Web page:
At issue in the case is whether the Constitution and the immigration laws allow an immigration judge to enter a removal order without considering whether removal would be a disproportionate penalty under the circumstances. The amicus brief by the Council and the Post-Deportation Human Rights Project tells the stories of five individuals who either already have or soon will face the extreme penalty of deportation and a permanent reentry bar for minor or nonviolent crimes committed years earlier. The men and women featured in the brief share many attributes: all were lawful permanent residents; all established significant ties to this country; all left (or will leave) behind U.S. citizen family members; all committed nonviolent crimes; all have demonstrated rehabilitation; and none was afforded the opportunity to explain to the immigration judge why forcible removal from the country was unjustified under the circumstances. The brief throws into stark relief the real life human consequences of stripping judges of the ability to consider the totality of the circumstances before entering an order of removal.
October 4, 2013
The Council, along with the National Immigration Project of the National Lawyers Guild (NIPNLG), is seeking to preserve federal court review of damages actions brought by noncitizens for abuse of authority by immigration agents. In actions brought under Bivens v. Six Unknown Named Agents of the Federal Bureau of Narcotics, 403 U.S. 388 (1971), the government routinely moves to dismiss these cases on a variety of jurisdictional grounds, including by arguing that INA § 242(g) bars the court’s review of damages claims in any case involving removal procedures, and that a remedy under Bivens is not available in immigration-related actions. In essence, the government is attempting to deprive those who have been harmed by immigration agents of any remedy in federal court.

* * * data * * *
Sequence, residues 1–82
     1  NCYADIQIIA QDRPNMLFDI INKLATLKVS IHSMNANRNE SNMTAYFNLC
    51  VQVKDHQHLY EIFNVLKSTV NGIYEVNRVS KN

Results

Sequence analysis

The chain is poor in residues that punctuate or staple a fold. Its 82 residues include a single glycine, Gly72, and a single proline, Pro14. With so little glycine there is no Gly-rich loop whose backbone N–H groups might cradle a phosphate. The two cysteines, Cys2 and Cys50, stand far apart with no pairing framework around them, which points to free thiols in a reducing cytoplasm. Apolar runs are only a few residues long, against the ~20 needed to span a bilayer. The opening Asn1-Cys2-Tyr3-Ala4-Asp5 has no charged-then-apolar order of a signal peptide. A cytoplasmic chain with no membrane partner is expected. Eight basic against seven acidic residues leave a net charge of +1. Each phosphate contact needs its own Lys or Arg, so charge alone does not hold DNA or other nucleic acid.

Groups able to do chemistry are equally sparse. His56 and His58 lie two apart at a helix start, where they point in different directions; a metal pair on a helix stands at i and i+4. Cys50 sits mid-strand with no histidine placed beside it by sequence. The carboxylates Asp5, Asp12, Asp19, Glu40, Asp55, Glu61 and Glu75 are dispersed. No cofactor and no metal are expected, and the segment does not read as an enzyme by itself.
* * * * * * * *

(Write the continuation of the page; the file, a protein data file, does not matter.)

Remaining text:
The American Immigration Council and co-counsel Public Citizen filed a lawsuit on behalf of the American Immigration Lawyers Association (AILA) seeking information about complaints alleging immigration judge misconduct.
January 4, 2013
The American Immigration Council, working with the National Immigration Project of the National Lawyers Guild, has repeatedly challenged the “departure bar,” a regulation that precludes noncitizens from filing a motion to reopen or reconsider a removal case after they have left the United States. The departure bar not only precludes reopening or reconsideration based on new evidence or arguments that may affect the outcome of a case, but also deprives immigration judges and the Board of Immigration Appeals of authority to adjudicate motions to remedy deportations wrongfully executed, whether intentionally or inadvertently, by DHS. We argue that the regulation conflicts with the statutory right to pursue reopening and, as interpreted by the government, is an impermissible restriction of congressionally granted authority to adjudicate immigration cases.
February 14, 2012